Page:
As of 1997, CEN was the "most overcrowded prison in the state" as it ran at "259 percent of designed capacity."[9] By 2007, however, Avenal State Prison was the California state prison system's "most overcrowded facility."[10]

In August 2006, a quadriplegic inmate died after the air conditioning failed in a van carrying him and another inmate from California Substance Abuse Treatment Facility and State Prison, Corcoran to CEN.[11] According to a reporter's summary of statements by "the federal official now in control of medical care in the state's prison system," the death was "proof of a broken system"; according to the reporter's summary of statements by representatives of the California Department of Corrections and Rehabilitation, the death was "a terrible event caused by happenstance."[11]

Notable prisoners[edit]


  1. ^ "California Department of Corrections and Rehabilitation: Monthly Report of Population As of Midnight January 31, 2023" (PDF). California Department of Corrections and Rehabilitation, Division of Internal Oversight and Research. January 31, 2023. Retrieved September 21, 2023.
  2. ^ CDCR. "CDCR - Centinela State Prison (CEN)". Retrieved 2018-03-14.
  3. ^ California State Board of Equalization. Prison Impact Study. Supplemental Report of the 2001 Budget Act for FY 2001-02. March 28, 2002.
  4. ^ a b c d e f California State Prison, Centinela (CEN) (2009). "Mission Statement". California Department of Corrections and Rehabilitation. Archived from the original on August 13, 2009. Retrieved 2009-08-20.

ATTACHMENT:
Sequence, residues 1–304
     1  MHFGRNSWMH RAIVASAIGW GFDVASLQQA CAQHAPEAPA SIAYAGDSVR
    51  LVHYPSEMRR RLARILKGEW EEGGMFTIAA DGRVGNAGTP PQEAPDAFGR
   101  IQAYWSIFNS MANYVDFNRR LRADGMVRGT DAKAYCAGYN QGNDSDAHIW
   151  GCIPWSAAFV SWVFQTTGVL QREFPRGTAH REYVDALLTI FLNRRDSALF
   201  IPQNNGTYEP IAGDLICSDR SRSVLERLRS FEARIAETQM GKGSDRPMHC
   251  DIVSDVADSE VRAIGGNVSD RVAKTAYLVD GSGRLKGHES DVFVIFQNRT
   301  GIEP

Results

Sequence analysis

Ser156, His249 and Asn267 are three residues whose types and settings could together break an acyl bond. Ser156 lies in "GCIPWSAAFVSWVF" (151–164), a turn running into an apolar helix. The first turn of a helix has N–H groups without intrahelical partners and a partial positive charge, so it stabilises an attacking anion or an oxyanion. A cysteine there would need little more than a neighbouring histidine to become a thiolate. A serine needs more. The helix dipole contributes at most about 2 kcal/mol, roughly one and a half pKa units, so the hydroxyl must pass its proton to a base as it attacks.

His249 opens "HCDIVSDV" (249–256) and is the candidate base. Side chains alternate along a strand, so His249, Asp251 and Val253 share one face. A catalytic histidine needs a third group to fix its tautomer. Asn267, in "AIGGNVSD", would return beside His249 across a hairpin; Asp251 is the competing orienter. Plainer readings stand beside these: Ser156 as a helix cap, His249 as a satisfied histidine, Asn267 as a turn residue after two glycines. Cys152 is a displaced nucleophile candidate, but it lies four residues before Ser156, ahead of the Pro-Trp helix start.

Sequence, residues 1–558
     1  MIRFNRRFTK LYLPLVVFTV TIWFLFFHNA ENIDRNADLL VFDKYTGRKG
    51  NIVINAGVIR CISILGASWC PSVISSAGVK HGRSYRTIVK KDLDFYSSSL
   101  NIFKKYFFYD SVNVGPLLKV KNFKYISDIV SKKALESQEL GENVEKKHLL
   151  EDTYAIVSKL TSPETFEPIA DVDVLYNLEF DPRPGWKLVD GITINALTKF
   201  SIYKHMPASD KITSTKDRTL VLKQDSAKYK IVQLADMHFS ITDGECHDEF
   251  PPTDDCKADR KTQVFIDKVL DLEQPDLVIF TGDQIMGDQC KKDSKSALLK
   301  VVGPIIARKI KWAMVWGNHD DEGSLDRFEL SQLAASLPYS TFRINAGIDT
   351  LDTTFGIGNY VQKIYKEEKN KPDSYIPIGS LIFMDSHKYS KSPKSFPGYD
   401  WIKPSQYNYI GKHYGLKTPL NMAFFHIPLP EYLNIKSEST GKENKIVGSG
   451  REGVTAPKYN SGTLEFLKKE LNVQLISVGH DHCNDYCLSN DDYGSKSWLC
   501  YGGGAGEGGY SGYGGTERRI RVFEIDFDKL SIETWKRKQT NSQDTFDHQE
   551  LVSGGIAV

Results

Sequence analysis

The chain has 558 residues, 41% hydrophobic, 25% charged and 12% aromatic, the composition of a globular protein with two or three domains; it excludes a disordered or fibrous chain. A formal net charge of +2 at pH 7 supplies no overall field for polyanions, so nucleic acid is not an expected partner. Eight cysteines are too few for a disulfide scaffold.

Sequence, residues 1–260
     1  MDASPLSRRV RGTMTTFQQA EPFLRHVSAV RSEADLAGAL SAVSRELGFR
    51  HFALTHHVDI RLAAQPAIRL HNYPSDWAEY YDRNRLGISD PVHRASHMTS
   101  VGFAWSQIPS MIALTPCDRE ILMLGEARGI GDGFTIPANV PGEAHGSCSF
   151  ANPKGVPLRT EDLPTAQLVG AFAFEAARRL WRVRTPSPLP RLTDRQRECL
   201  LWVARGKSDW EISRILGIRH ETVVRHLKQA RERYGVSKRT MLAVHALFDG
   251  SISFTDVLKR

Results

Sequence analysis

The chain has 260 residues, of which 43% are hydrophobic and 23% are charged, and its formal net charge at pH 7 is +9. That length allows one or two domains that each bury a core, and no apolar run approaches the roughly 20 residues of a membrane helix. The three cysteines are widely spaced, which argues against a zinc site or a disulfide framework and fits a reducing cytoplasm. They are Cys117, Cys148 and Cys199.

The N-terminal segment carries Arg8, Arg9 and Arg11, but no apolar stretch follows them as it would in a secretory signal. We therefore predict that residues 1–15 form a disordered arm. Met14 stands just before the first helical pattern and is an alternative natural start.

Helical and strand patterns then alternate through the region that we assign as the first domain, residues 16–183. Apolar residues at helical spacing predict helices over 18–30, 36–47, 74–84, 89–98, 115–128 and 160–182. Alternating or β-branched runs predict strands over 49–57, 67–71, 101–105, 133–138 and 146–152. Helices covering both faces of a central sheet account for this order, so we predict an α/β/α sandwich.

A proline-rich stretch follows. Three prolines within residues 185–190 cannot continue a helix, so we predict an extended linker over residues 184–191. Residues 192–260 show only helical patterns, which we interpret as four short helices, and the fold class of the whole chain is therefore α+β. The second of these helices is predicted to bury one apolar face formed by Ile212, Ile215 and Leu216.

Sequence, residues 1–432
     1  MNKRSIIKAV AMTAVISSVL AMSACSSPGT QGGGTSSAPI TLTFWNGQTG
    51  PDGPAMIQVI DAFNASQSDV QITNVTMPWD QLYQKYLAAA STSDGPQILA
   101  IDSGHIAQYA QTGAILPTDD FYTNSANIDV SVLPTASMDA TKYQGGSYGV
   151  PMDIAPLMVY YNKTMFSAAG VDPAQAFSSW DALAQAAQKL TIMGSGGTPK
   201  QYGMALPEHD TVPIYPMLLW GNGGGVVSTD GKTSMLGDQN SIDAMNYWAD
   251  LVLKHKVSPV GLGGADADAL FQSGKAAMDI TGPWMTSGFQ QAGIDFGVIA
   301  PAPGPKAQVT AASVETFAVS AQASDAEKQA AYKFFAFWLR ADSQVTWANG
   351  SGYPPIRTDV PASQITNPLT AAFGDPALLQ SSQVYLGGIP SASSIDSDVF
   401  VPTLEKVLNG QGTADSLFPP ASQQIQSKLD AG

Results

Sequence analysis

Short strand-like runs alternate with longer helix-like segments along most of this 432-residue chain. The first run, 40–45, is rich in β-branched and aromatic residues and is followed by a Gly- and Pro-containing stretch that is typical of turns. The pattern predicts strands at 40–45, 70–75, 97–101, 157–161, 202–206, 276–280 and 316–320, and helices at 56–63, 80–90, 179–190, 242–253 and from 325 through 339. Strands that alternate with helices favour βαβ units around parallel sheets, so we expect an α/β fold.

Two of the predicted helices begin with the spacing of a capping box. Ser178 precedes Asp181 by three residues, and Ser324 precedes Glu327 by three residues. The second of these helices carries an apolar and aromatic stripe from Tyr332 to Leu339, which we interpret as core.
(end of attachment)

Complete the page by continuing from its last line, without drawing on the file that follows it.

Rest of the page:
5. ^ California Department of Corrections and Rehabilitation. California's Correctional Facilities. Archived 2007-12-14 at the Wayback Machine Accessed 24 Dec 2007.
  6. ^ California Department of Corrections and Rehabilitation. Monthly Report of Population as of Midnight September 30, 2007. Archived October 26, 2008, at the Wayback Machine
  7. ^ "California Department of Corrections and Rehabilitation: Monthly Report of Population As of Midnight April 30, 2020" (PDF). California Department of Corrections and Rehabilitation, Division of Internal Oversight and Research. April 30, 2020. Archived from the original (PDF) on May 3, 2020. Retrieved May 2, 2020.
  8. ^ a b c Holding, Reynolds. Wilson Sues Over Cost of Illegal Immigrants - Again. He says U.S. broke law by not accepting inmate. San Francisco Chronicle, March 6, 1996.
  9. ^ Furillo, Andy. Pressures Building in State's 32 Prisons. Sacramento Bee, January 19, 1997.
  10. ^ Furillo, Andy. Health care crisis behind bars: Three deaths in two months focus federal attention on state's most overcrowded facility. The Sacramento Bee, May 4, 2007.
  11. ^ a b Martin, Mark. Inmate stuck in van for hours died in desert heat. The San Francisco Chronicle, November 17, 2006.
  12. ^
  13. ^
  14. ^ Wambaugh. p. 388
  15. ^ "CDCR Public Inmate Locator Disclaimer".
  16. ^ "Reading Eagle - Google News Archive Search".
  17. ^ "Archives". Los Angeles Times.
  18. ^ "25 Years After L.A. Riots Damian 'Football' Williams Reflects on His Life and Role in the Rebellion". 29 April 2017.
  19. ^ "After parole, podcast producers are turning skills learned in prison into paying gigs". 22 September 2021.

External links[edit]